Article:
Fatima Circle EP
Many electronic producers still outsource the emtional heavy lifting to familiar '90s R&B vocal samples, but London-based singer Fatima is the real deal. Her latest EP for Floating Points' and Alexander Nut's Eglo label is titled Circle, and it finds the Swedish-born artist in a more reflective, low-key mood that occasionally recalls late-era Erykah Badu, a development foreshadowed by the sprawling, Floating Points–produced "Red Light." From the technical chops and the weed haze to the soul and ace production, Circle uses a familiar template, but it's hard to argue with the conviction on display. Earlier Fatima releases, like the Mindtravellin' EP and her freakily compelling Phone Line collaboration with Funkineven, have been almost manically playful, offering maximalism born of friends goofing around in the studio, the torrent of ideas kept in bounds only by the aggregate talent in the room. Circle is more focused, as it distills Fatima's talent into inviting three-minute chunks that reward repeated close listening.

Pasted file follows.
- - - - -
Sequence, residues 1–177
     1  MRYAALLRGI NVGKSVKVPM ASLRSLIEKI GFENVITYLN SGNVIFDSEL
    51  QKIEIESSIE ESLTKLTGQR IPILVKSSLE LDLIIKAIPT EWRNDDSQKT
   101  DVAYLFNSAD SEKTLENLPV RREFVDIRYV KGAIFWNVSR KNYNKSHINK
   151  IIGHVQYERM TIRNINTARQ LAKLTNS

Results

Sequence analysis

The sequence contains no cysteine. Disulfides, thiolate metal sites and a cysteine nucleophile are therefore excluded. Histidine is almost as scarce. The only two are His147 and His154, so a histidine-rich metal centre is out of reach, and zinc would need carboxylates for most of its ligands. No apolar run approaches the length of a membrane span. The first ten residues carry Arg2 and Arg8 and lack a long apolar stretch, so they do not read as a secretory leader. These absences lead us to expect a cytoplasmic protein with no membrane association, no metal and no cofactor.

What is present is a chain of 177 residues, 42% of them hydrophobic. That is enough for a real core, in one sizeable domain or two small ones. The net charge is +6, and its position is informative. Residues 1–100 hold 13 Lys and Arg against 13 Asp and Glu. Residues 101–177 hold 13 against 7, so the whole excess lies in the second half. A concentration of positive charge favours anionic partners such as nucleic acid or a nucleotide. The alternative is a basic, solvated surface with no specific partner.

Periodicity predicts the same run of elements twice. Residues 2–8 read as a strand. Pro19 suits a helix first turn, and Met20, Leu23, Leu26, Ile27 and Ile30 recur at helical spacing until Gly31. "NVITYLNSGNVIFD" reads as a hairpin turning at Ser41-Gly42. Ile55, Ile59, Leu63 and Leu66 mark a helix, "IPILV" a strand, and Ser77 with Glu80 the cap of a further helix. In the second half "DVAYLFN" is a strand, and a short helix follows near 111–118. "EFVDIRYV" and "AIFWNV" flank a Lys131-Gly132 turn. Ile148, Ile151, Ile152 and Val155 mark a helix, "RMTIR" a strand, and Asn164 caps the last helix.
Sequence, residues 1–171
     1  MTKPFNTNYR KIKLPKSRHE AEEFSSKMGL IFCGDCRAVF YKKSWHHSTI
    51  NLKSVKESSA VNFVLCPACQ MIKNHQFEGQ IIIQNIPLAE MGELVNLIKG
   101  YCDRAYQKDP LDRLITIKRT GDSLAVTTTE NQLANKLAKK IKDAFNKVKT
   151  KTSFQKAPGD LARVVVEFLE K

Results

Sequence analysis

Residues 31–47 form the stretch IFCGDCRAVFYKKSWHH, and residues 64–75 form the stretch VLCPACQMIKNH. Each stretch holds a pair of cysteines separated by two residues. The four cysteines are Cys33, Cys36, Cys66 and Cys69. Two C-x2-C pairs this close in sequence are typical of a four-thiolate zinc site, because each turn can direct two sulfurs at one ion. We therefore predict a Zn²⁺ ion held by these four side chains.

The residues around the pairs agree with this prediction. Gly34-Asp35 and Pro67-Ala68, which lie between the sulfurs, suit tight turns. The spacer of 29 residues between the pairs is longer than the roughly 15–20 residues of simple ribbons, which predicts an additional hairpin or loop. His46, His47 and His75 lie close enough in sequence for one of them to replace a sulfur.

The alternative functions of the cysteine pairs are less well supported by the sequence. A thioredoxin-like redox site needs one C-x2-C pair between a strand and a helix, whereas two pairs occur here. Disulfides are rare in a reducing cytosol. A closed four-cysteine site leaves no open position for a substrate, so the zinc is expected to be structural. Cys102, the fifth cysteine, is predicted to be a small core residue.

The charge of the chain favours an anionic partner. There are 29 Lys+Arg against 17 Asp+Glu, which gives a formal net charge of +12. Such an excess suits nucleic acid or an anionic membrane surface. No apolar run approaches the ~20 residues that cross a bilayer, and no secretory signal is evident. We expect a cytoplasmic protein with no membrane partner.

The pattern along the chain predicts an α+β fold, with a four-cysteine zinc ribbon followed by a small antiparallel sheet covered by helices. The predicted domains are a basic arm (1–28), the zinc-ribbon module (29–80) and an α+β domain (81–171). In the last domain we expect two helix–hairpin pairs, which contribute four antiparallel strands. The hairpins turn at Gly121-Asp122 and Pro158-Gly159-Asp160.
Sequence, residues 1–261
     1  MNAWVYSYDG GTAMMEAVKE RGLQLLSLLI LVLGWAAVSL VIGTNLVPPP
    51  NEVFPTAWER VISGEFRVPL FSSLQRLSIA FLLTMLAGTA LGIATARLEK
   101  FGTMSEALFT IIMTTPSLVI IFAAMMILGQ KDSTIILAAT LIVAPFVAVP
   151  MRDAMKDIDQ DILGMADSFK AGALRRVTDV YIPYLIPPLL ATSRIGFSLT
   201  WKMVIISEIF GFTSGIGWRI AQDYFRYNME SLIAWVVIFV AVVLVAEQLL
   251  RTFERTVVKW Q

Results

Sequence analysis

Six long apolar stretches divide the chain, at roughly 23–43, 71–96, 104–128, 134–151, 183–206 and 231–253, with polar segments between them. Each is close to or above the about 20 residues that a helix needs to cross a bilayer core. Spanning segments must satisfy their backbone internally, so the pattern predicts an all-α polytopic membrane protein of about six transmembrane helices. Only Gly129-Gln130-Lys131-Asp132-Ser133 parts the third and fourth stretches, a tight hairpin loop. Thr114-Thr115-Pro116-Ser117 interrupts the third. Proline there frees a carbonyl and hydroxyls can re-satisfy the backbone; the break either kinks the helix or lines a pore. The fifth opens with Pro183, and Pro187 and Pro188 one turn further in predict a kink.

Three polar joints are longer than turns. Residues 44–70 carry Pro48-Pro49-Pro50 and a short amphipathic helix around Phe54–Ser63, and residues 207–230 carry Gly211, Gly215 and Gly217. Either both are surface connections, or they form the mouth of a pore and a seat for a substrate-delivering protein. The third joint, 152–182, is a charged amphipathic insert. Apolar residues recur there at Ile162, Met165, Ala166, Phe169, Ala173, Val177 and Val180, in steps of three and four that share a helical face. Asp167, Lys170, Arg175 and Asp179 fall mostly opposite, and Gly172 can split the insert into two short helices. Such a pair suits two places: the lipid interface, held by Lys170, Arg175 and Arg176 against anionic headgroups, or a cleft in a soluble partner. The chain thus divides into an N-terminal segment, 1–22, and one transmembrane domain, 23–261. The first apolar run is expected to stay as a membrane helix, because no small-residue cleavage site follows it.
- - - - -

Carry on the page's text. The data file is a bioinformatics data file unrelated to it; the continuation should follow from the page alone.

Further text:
This time out, Fatima is working with a couple of tipped names from the Los Angeles scene. Sa-Ra Creative Partners does the honors on the title track, and Oh No (Madlib's younger brother) takes care of "Technology." (The 12" also includes an exclusive live version of "Redlight" performed with the Eglo Live Band, though it was not included in the promo we received.) "Circle" follows in the more restrained vein that Fatima and Floating Points established with 2011's Follow You EP; a striding vintage drum machine cloaked in the distressed tape hiss of There's a Riot Goin' On is joined by high, whistling keys and a worming bass that grows out of the grid like those black-snake fireworks. It's a familiar sound, executed with precision, but Fatima's vocals, probing cosmological time in eminently relatable terms, deepen with each listen. "Technology" cautions against the disconnection of social media over another adequate MPC groove, one that's all dusty walking bass and slapping drums. There's no doubt she's talking about smartphones with the epithet "lifeline on a string," but the results are far from preachy, trite, or audience-baiting. Throughout the EP, Fatima's vocals are present and engaged; although there's a hint of world-weariness on Circle, the intention is focused and the music never lapses into resignation. As a stand-alone release, Circle is surprisingly brief, but as a teaser for an album, it tracks just how far she's come in a short period of time.
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